|Online Courses and Texts
Genetics at Kimball's Biology Includes crossing over and genetic recombination in meiosis, gene mapping with three-point crosses, Mendel's monohybrid crosses, one gene--one enzyme theory, transposons: jumping genes.
Molecular Biology and Evolution : A large archive (mostly technical papers) from 18 years of Journal.
Beginner's Guide to Molecular Biology : Students will find this site useful. Teachers might find the information covers some of the course material for the national curriculum (UK) A level and gcses.
Introduction to Genetics : Covers heredity, historical perspectives, the Monk and his peas, mutations, and terminology. Be sure to see the following pages on DNA and genetics from the website's Main Menu.
DNA and RNA at Kimball's Biology : Includes recombination, repair and replication, base pairing, gene expression and therapy, gentic code, genome sizes, mutations, restriction enzymes, transcription and more.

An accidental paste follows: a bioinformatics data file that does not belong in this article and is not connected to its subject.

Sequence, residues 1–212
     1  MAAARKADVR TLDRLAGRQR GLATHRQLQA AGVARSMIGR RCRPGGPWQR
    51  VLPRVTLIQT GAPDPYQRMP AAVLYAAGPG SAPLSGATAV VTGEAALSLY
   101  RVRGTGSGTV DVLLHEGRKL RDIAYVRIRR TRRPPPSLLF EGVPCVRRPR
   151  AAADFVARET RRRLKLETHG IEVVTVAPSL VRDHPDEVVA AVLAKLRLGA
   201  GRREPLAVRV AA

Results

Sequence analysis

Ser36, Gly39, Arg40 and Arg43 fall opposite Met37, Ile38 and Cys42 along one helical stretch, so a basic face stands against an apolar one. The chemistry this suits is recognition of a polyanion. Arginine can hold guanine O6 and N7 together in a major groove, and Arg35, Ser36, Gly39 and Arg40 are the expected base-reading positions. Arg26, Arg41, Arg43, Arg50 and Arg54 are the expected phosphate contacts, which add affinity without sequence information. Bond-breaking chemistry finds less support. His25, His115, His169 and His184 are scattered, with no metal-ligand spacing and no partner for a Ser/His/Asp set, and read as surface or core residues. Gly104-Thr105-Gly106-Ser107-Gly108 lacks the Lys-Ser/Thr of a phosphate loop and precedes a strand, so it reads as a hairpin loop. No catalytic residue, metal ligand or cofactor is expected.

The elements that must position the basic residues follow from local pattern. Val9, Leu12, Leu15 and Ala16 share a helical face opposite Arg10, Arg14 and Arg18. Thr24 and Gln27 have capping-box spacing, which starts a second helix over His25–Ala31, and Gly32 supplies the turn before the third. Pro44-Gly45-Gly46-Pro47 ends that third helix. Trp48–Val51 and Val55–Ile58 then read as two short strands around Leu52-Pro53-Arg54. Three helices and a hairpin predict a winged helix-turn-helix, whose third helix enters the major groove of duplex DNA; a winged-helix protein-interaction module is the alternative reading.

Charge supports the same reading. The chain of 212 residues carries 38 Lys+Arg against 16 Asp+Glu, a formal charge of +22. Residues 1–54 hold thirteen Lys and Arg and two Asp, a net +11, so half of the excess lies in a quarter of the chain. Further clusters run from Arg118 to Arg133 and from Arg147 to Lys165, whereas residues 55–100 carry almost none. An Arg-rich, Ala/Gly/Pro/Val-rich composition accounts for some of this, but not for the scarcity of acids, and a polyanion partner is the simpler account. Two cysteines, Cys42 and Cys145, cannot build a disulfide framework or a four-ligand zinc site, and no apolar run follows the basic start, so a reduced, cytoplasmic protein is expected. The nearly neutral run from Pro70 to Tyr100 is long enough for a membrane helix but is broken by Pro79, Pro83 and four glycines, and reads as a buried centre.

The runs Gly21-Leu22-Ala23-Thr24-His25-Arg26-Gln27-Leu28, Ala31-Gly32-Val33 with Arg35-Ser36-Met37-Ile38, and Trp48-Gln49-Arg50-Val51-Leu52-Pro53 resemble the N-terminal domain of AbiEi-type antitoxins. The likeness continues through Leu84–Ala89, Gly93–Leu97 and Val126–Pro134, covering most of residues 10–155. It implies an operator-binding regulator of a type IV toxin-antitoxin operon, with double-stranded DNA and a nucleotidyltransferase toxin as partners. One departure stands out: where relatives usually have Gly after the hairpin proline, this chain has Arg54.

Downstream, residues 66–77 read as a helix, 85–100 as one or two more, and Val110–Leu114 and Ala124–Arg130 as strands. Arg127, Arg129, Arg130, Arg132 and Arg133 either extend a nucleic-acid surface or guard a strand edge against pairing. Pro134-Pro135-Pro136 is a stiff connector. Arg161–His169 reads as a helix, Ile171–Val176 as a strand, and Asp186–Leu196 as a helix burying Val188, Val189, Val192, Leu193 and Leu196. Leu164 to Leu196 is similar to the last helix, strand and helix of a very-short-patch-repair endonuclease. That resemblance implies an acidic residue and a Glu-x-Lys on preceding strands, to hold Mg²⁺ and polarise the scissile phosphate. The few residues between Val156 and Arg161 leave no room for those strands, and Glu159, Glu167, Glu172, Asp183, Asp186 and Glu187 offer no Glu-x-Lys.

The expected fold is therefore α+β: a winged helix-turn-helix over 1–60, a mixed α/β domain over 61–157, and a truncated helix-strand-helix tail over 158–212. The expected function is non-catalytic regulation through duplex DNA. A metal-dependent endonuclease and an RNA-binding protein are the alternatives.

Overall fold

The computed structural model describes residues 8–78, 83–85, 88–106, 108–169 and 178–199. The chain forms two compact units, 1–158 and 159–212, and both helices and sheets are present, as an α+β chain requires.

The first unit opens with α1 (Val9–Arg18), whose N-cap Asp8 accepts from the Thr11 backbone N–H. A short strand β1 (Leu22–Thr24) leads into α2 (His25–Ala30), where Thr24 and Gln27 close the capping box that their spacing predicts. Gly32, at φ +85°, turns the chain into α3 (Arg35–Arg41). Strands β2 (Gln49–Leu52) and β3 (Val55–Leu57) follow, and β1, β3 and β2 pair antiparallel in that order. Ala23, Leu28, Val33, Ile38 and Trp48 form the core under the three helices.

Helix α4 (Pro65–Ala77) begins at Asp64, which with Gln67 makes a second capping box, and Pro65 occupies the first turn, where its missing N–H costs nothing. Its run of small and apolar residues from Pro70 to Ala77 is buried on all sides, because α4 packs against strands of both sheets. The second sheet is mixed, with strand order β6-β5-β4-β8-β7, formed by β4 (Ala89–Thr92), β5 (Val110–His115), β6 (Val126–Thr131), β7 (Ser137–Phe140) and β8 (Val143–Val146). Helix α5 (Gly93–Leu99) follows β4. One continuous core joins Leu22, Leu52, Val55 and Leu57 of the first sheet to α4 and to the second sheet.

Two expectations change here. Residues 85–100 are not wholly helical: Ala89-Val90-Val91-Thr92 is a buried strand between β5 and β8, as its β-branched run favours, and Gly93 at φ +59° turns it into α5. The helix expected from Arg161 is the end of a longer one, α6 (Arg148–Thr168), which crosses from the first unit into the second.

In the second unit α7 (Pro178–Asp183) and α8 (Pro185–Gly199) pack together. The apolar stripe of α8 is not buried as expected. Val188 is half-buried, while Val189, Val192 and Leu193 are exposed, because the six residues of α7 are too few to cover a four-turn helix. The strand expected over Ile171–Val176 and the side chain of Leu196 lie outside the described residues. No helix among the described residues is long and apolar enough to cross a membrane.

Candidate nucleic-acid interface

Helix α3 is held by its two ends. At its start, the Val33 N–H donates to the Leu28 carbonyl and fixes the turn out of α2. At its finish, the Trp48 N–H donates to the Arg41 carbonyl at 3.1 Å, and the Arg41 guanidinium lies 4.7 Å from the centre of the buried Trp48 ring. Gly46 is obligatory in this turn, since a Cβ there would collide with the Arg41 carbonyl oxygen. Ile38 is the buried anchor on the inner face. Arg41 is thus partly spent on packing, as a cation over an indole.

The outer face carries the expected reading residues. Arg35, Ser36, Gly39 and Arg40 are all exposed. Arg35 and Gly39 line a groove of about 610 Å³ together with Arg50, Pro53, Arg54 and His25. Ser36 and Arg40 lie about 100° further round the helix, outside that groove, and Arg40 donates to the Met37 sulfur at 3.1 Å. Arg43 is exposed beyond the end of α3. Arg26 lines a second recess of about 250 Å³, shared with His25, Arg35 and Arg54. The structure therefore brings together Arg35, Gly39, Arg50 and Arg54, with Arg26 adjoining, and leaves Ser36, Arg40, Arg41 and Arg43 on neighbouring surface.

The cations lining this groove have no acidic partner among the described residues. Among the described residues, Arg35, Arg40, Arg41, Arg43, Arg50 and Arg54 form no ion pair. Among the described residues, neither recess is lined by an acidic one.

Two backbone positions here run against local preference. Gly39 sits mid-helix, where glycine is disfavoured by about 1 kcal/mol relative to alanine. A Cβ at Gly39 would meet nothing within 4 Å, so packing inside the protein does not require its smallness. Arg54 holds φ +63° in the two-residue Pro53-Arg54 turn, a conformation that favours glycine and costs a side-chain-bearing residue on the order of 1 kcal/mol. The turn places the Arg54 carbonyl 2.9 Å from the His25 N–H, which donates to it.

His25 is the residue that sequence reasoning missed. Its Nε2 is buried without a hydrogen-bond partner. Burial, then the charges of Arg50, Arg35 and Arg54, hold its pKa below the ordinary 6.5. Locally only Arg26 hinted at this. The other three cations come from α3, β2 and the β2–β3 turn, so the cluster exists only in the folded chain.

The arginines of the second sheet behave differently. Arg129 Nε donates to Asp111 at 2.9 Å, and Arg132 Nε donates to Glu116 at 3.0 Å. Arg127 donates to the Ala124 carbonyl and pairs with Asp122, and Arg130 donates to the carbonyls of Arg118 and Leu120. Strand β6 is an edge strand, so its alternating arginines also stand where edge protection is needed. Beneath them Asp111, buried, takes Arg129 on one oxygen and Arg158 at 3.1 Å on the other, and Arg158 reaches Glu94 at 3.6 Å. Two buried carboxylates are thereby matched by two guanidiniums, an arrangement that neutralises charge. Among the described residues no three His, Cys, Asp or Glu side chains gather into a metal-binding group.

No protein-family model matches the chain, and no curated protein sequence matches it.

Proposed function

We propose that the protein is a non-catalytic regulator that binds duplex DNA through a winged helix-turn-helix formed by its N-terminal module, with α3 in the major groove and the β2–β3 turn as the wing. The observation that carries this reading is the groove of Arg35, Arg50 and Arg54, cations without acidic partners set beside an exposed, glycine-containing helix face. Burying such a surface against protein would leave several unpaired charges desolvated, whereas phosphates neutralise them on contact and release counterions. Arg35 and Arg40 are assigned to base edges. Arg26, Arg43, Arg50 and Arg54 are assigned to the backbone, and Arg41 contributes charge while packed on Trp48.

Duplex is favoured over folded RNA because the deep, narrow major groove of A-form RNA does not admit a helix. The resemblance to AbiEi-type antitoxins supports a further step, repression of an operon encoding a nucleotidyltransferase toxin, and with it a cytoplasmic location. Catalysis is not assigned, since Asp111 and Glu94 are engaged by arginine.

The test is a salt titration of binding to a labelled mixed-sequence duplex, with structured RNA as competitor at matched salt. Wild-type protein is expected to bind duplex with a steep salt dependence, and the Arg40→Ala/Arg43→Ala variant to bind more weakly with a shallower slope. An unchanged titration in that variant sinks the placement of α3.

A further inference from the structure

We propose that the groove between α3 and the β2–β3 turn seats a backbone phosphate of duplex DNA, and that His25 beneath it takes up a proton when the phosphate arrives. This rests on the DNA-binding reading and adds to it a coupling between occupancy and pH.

Nucleic Acids : DNA is composed of two nucleotide chains connected to each other by hydrogen bonds. From a well-illustrated online textbook covering cell biology.
|Comparing Neanderthal with Us
Analysis of Neanderthal DNA from the Northern Caucasus
Original Research Article published in Nature and a review article regarding it: Ancient DNA: Neanderthal Population Genetics. Also a less technical article Genetic Study Revises Human Family Tree.
Genetic Theory and Methods
The Zuker Lab: All About RNA :
Algorithms, Thermodynamics and databases for RNA Secondary Structure.
MendelWeb : A resource for teachers and students interested in the origins of classical genetics, introductory data analysis, elementary plant science, and the history and literature of science.
Human Genetics :
Mutations are changes in genetic information stored in cells. Various agents can cause mutations, for example radiation, viruses, and certain chemicals we come into contact with. But mutations are not just the result of damaging influences coming from outside the cells - some are the result of errors made within cells when they make copies of genetic information before cell division.